As the crowd of 92,617 streamed into Churchill Downs on Derby Day, the overwhelming sentimental favorite wasn’t Dancer’s Image, but Forward Pass, the Blue Grass Stakes winner who was trying to win the Derby for Kentucky’s iconic Calumet Farm for the first time in 10 years. Harthill had treated the Calumet horses going back to Citation, the 1948 Triple Crown winner. By post time, the crowd had made Forward Pass the 2-1 favorite, even though jockey Don Brumfield, who had ridden the colt in the Blue Grass, had gotten so ill that he had to be replaced by Milo Valenzuela.
When the gate sprang open and released the 14-horse field, C.V. Whitney’s Gleaming Sword bumped Forward Pass, who in turn bumped Dancer’s Image. By the half-mile pole, Dancer’s Image and jockey Bobby Ussery were dead last, several lengths off the torrid pace set by Kentucky Sherry. After three quarters, however, Ussery asked the Dancer to run and began weaving his way through horses. At the top of the stretch, Ussery took the gray colt to the inside and found running room. Although Ussery dropped his whip, it didn’t make any difference. Under an animated hand ride by Ussery, Dancer’s Image overtook Forward Pass, which had taken the lead, just before the eighth pole and pulled off for a 1½-length victory.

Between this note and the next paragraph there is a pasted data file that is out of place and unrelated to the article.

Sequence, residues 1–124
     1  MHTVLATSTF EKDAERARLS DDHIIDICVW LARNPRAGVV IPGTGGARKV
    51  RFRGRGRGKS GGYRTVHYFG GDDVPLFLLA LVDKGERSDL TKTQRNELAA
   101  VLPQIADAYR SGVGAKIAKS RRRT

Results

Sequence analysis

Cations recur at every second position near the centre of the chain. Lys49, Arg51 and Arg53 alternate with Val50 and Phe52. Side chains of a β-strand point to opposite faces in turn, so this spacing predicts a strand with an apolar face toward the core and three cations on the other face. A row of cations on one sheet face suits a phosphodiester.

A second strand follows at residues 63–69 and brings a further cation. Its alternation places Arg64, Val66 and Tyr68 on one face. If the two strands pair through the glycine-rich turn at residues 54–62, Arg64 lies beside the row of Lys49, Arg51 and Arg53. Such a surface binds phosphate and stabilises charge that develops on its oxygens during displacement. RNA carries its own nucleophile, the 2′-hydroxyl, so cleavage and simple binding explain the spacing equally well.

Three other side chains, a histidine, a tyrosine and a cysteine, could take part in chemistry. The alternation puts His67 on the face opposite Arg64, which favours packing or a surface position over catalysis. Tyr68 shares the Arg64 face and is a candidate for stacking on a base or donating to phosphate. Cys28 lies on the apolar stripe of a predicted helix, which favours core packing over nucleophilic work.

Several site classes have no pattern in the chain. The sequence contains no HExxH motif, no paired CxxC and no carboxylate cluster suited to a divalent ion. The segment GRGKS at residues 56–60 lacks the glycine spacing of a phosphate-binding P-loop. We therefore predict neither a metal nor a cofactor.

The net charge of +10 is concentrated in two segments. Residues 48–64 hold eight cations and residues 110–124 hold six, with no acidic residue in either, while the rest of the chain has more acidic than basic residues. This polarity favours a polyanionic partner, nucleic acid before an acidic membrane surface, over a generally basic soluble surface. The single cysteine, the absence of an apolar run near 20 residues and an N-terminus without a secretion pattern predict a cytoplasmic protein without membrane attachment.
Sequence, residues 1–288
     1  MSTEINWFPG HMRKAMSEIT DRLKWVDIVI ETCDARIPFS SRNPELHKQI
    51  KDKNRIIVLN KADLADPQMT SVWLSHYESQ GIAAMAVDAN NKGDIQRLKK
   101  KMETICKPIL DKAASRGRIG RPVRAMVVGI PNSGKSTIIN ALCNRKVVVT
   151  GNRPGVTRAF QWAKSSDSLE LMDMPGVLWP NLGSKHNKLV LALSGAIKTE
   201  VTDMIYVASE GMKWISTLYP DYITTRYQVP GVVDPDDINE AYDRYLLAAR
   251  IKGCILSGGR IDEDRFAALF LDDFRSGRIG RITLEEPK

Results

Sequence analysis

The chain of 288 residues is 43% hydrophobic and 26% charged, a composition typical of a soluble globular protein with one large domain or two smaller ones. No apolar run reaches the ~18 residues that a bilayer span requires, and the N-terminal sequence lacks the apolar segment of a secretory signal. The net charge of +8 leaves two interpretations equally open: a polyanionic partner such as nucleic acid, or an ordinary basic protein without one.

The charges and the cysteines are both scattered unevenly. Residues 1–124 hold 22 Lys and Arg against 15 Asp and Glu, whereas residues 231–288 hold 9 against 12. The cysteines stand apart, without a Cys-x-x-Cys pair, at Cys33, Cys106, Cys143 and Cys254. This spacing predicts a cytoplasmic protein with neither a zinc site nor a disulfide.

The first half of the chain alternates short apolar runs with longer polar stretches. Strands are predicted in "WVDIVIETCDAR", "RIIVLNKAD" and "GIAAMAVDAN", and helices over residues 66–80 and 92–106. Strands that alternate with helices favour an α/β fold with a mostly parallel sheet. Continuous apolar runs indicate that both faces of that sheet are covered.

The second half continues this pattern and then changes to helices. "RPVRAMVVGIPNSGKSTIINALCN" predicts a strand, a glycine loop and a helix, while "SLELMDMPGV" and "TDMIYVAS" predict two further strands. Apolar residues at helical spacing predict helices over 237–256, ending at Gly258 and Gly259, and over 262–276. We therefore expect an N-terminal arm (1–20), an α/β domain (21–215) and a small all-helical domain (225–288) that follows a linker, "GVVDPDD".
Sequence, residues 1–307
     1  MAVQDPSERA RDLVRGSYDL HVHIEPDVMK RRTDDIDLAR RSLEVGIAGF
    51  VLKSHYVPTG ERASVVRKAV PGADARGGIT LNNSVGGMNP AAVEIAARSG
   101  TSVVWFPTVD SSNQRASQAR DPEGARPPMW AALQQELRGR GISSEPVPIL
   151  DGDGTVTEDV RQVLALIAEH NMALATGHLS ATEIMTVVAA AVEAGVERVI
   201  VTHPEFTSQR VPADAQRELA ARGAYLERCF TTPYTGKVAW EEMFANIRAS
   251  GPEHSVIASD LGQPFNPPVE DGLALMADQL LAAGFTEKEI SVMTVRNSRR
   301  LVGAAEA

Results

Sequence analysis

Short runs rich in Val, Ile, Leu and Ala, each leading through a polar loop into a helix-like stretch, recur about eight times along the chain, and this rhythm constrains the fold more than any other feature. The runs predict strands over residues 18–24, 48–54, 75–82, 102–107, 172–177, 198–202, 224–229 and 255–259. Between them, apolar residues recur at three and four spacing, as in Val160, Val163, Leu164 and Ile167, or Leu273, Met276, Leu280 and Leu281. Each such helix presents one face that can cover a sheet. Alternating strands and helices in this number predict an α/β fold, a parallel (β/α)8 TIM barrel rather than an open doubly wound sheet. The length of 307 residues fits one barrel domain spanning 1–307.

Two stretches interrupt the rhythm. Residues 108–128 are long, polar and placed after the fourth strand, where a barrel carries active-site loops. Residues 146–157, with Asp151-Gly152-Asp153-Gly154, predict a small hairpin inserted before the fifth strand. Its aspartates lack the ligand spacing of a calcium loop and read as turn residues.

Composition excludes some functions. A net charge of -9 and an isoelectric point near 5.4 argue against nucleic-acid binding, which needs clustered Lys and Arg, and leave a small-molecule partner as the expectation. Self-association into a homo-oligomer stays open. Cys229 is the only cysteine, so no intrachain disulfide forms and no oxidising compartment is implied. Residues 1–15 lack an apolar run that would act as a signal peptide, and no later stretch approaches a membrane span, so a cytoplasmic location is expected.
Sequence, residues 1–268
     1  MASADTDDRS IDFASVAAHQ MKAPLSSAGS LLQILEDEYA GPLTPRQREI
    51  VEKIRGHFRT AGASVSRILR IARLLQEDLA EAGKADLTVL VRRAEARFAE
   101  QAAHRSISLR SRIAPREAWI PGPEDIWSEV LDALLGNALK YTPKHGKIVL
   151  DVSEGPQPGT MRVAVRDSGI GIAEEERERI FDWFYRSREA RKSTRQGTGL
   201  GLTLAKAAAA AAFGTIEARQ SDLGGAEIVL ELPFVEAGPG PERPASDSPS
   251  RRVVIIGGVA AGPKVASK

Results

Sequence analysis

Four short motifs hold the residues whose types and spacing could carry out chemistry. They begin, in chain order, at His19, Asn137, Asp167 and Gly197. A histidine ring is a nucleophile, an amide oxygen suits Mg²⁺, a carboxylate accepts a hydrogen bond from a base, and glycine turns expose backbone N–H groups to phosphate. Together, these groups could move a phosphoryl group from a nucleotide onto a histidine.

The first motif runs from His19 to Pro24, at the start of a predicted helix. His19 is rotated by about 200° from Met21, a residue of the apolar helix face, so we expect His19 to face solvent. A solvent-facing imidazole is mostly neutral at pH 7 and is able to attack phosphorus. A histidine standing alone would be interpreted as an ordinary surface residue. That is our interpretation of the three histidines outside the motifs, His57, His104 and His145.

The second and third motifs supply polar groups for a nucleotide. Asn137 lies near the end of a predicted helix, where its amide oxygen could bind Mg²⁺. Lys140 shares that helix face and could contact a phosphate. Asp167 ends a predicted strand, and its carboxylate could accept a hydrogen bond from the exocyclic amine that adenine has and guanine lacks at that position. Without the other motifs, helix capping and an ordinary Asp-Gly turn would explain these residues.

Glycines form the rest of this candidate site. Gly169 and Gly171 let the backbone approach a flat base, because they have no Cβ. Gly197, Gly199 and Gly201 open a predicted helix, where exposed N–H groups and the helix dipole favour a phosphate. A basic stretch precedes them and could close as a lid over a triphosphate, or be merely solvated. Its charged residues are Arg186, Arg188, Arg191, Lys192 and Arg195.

Even before Ussery had guided the colt back to the winner’s circle, Fuller and his party were on the track. Trotting up to meet the Dancer, Fuller grabbed one side of his bridle, Cavalaris the other, and together they led the colt into the infield winner’s circle while Ussery, wearing Fuller’s bright green silks with crossed gold bars, flashed victory signs.
“Does he look OK?” asked Fuller.
“When they come across the line first, Mr. Fuller,” said Cavalaris, “they’re always OK.”
After the entire party was thoroughly photographed, interviewed, and bedecked with roses, Dancer’s Image was led to the backside detention center, the barn where horses were washed down and stabled until samples of their saliva and urine could be collected for testing. In those days, the only horses tested were the winner and another selected at random. The random horse turned out to be Kentucky Sherry, speedy early pace-setter.